The arrival of the Spanish in Mexico had a profound effect on the cuisine of the country as the ingredients the explorers brought with them soon transformed the eating habits of the Indians. However, the Aztecs and their descendants did not give up their beloved staples such as chiles, corn, and chocolate; they combined them with the new imports and thus created the basis for the Mexican cuisines of today.
Throughout the centuries, an astonishing variety in Mexican cooking developed as a result of geography. From the Yucatán Peninsula, Mexico stretches more than two thousand miles to the deserts of the north, so the length and size of Mexico, combined with the fact that mountain ranges separate the various regions, led to the development of isolated regional cuisines. This geographical variety is the reason that the cooking of tropical Yucatán differs significantly from that of the deserts of Chihuahua and Sonora.
One common factor, though, in Mexican cookery is the prevalence of chile peppers. Unlike South America, where chiles are still mostly consumed by the Indian population, in Mexico everyone fell in love with the pungent pods. Chile peppers are Mexico’s most important vegetable crop; they are grown all over the country from the Pacific and Gulf Coasts to mountainous regions with an altitude above 8,000 feet. Approximately 200,000 acres of cultivated land produce between 500,000 and 650,000 tons of fresh pods and 30,000 tons of dry pods, making Mexico number six of the chile-producing countries of the world. Although more than thirty different varieties are grown or collected in Mexico, the anchos/poblanos, serranos, mirasols, and jalapeños account for seventy-five percent of the crop. In 1988, Mexico exported 2,529 metric tons of fresh or dried chiles worth $4.6 million into the United States.
In 1985, each Mexican consumed about fourteen pounds of green chile and nearly two pounds of dried chile. In fact, the Mexicans eat more chile per capita than onions or tomatoes. The favorite chiles are about evenly divided between those harvested fresh and those utilized in the dry form.
The serranos and jalapeños are grown for processing and the fresh market, where they are the chiles of choice for salsas. Over ninety percent of the Serrano crop is used fresh in homemade salsas such as our version of Pico de Gallo, which is known by quite a few other names. Serranos are also used in a popular cooked sauce, Tomatillo Sauce.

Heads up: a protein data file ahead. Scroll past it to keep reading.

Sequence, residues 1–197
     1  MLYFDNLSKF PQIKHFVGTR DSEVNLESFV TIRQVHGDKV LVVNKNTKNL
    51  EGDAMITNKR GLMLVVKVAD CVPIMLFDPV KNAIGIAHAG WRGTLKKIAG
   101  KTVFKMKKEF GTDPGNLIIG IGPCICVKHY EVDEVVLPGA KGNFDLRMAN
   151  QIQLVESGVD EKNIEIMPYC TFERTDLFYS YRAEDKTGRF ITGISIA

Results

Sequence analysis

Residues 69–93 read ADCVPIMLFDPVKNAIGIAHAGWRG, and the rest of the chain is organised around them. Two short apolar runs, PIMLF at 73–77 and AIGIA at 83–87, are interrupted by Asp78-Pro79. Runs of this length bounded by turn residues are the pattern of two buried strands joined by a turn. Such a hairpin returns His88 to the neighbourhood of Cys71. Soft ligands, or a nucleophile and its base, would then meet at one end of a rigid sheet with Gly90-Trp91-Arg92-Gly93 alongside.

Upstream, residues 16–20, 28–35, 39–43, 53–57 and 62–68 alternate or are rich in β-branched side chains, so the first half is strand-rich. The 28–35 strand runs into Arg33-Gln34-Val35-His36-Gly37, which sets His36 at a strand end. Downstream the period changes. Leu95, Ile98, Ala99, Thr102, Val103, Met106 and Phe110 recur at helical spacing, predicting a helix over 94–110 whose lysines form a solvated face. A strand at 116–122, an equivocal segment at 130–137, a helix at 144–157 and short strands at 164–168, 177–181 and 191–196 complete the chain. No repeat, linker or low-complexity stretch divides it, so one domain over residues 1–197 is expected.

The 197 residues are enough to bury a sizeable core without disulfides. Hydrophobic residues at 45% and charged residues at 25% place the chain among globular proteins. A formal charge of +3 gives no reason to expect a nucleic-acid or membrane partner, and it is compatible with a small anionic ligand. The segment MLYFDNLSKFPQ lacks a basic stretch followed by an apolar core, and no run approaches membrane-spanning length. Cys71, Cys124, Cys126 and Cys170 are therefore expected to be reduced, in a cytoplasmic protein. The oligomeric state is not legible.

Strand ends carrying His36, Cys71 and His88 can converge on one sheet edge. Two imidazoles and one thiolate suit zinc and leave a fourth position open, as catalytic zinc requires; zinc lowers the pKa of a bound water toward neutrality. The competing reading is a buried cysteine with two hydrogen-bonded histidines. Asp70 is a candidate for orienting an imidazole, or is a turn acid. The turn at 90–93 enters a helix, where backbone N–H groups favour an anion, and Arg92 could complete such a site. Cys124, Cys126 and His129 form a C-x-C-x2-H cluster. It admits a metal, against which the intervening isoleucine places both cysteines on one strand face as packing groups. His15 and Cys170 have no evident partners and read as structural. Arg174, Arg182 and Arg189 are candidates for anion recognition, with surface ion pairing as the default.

About sixty percent of the jalapeño crop is processed, either by canning or pickling or as commercial salsas. Of the remainder, twenty percent is used fresh and twenty percent is used in the production of chipotles, the smoked and dried form of the jalapeño.
How Many Moles?
Perhaps the most famous Mexican chile dishes are the moles. The word mole, from the Náhuatl molli, means “mixture,” as in guacamole, a mixture of vegetables (guaca). Some sources say that the word is taken from the Spanish verb moler, meaning to grind. Whatever its precise origin, the word used by itself embraces a vast number of sauces utilizing every imaginable combination of meats, vegetables, spices, and flavorings–sometimes up to three dozen different ingredients. Not only are there many ingredients, there are dozens of variations on mole–red moles, green moles, brown moles, fiery moles, and even mild moles.
The earliest moles were simple compared with what was to come after the Spanish invasion. Ana M. de Benítez, who reconstructed pre-Columbian dishes based on de Sahagún’s descriptions, used four different chiles (ancho, mulato, pasilla, and chipotle), plus tomatoes, garlic, pumpkins, tomatillos, and chayote as the basis of her moles. The addition of Eastern Hemisphere ingredients such as almonds, raisins, garlic, cinnamon, and cloves would eventually transform the basic mole of the Aztecs into a true delicacy.